This was four years before WLNG. And this station had the same reverb, the same recorded female quartet singing out the logo of the station. There were cowbells, sirens and doorbell sounds. And while the disc jockey played songs by the Moonglows, the Penguins, the Temptations and Jerry Lee Lewis, it was my job to keep an eye on the Teletype, read the daily paper and make phone calls. I had a list. I was, every hour, to call the police departments, the hospitals and the fire departments and type up the very latest as a two minute read, walk it into the disc jockey and hand it to him.
Seeing me coming—I’d be wearing a T-shirt and sneakers—the disc jockey would press a button. “And now,” a voice would say, “the four-man award-winning WHAM news team is on the air with the very latest.” Beep, beep, clang, clang.
Well, the four-man award-winning news team was during the week. On weekends it was just me, a 19-year-old in a white T-shirt.
There were just the two of us. Once an engineer came in to pick up keys to the WHAM Newswagon to drive it hundreds of miles to see how far it would broadcast. He’d call me. I’m in Syracuse. Can you hear me? Yes.
I’m in Albany.
You’re fading out in Albany.
Thus came Rock-and-Roll Radio to WLNG. It was happening all over. It was nothing unusual for Sag Harbor to have it.
Nine years into this, cowbell rock and roll stations began to change ownerships and become Country Western or All News All the Time. WLNG stayed the same. And it went on and on and on.
I’ve often wondered what all the whooping and hollering was supposed to accomplish. The closest I can come to answering this is to say that back then, in those early days, although the signal could travel 100 miles, AM radio was so staticky that sometimes you couldn’t make out what was being said. Maybe it was because the sound was all mid-range with no lows or highs, or maybe it was just a goofy way to make a lot of noise to get to be heard. Maybe it was just for fun.
Honk, honk. It sure was. And it still is.
By 1969, FM had come in. WLNG had to engineer that reverberation sound now on FM. A firm in North Carolina did it for them. Turn the dial. There was no mistaking WLNG. And I think it was Paul Sidney and the others who told Bob King just not to change it. And he didn’t.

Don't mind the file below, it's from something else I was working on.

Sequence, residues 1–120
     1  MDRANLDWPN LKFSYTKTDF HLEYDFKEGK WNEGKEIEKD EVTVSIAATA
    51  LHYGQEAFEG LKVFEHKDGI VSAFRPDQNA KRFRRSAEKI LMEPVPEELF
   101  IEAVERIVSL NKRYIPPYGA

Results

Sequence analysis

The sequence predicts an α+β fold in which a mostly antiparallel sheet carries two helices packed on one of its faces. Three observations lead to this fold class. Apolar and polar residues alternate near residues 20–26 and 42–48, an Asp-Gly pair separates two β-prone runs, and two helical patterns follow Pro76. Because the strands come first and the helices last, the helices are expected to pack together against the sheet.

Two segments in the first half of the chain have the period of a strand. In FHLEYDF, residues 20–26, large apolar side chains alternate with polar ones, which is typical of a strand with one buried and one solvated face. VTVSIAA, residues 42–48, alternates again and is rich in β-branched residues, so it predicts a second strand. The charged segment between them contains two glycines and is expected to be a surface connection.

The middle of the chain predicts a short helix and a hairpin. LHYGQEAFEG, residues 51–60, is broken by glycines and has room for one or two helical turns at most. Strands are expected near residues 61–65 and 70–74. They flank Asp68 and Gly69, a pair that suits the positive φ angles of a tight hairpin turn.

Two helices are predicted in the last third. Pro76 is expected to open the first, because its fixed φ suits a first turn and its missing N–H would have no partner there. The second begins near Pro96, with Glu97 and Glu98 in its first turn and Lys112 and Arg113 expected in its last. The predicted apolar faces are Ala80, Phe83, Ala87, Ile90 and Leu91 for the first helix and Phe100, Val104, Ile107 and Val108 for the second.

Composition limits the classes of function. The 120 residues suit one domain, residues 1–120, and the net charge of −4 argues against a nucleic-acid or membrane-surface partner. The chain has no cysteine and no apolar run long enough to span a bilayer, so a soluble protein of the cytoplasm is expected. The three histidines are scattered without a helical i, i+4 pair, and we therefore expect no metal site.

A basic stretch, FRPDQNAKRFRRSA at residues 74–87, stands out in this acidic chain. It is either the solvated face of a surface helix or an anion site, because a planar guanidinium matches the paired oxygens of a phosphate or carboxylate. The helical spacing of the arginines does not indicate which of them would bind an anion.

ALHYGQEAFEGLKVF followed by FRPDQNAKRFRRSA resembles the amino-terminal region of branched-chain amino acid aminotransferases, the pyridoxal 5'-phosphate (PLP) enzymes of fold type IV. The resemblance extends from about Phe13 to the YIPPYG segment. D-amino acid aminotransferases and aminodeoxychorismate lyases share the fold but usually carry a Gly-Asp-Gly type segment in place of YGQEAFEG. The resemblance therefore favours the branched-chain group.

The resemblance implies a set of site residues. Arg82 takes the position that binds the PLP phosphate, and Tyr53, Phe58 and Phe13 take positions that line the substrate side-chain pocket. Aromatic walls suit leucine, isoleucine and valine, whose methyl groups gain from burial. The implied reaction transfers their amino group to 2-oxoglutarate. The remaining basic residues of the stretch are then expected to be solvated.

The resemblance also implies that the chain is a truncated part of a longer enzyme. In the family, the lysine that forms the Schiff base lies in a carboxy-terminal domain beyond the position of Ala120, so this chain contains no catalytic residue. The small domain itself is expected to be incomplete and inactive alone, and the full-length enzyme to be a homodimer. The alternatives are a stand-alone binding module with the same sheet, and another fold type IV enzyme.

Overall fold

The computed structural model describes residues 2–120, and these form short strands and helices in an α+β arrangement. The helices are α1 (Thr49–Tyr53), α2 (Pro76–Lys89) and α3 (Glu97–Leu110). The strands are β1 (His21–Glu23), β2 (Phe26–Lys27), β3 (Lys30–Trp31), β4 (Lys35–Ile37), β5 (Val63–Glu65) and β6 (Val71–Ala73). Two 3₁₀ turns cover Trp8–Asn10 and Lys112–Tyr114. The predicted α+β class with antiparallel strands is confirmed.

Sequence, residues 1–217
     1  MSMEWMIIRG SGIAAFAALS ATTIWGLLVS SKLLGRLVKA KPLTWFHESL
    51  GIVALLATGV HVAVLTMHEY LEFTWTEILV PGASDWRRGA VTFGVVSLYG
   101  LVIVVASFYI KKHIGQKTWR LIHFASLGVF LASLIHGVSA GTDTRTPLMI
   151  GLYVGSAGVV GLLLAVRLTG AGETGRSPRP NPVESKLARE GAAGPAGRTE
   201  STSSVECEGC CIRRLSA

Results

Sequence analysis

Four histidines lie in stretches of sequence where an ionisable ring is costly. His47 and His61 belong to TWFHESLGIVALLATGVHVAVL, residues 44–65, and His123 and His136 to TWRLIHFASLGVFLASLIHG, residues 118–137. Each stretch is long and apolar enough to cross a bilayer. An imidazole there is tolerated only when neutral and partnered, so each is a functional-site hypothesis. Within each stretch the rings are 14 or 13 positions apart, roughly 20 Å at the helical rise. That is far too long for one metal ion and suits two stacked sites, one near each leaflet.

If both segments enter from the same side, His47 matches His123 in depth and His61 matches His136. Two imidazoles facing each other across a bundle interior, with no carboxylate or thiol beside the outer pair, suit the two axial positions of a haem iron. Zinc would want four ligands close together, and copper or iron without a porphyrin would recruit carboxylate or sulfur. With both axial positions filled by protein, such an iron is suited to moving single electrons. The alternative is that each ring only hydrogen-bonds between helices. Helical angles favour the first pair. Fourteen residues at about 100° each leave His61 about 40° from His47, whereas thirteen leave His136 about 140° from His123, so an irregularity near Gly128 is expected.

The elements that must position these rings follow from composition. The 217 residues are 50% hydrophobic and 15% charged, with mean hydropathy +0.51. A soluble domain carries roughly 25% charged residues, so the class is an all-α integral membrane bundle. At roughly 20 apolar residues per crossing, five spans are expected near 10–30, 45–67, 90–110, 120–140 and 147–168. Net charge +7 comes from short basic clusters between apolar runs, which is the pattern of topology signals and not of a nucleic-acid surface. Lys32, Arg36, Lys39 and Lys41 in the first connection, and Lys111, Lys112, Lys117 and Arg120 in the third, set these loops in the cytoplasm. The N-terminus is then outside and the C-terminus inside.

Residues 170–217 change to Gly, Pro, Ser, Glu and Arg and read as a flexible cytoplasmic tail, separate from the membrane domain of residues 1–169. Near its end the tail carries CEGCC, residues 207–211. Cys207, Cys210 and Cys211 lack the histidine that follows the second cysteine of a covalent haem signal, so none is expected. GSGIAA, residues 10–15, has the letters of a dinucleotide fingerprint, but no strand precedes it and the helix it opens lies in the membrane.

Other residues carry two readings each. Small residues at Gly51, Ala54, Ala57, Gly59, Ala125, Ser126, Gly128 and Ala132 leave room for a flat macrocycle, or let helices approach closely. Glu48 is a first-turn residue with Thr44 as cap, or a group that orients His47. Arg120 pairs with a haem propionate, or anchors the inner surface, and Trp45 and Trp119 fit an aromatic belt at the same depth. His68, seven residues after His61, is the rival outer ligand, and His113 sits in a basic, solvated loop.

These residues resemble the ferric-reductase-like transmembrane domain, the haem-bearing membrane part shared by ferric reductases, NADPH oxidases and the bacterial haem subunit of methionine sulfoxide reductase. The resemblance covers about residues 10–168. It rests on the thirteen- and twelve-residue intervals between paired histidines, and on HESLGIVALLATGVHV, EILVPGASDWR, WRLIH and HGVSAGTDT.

People had transistor radios back then. You’d listen to music at the beach. But when the power went out in a storm, WLNG would speak over those radios and tell everybody everything would be okay and just stick it out. They did this even when the water from the creek overflowed the bulkhead in front of the studio and got ankle-deep in the studio itself. Once, during a storm, they smelled what seemed like wires burning and they went off the air for 10 minutes to discuss it. Maybe they’d get zapped, but the hell with it, the news had to get out. The worst of it was Superstorm Sandy. But even that couldn’t knock them down. They were, and are, beloved.
I listened to Swap & Shop the other morning.
Gary Sapiane: Hello, this is Swap & Shop, you’re on the air.
Voice: Yeah, I have some stuff. Uh. What was it? Oh yeah. I have this piece of Plexiglas, it’s about 14 inches by 18. And I want $10 for it. And I have some other things.
Gary Sapiane: What other things?
Voice: Can’t remember. Uh, you take firearms?
Gary Sapiane: No.
Gary Sapiane: Why don’t I just give out your name and your phone number, and people could call you up directly and you could tell them.
Voice: Well now, you’re getting a little aggressive. But I’ll let that pass.
Gary Sapiane (to somebody else): Hello and welcome to Swap & Shop, you’re on the air.
Here is reality in old Sag Harbor. Long Wharf is from about 1770. The Old Whalers’ Church is from the 1840s. The American Hotel is from the 1850s. The 5 & 10 is from the 1920s. The neon SAG HARBOR sign is from the 1930s. And WLNG is from the 1960s.
Historic places all. Welcome to Sag Harbor.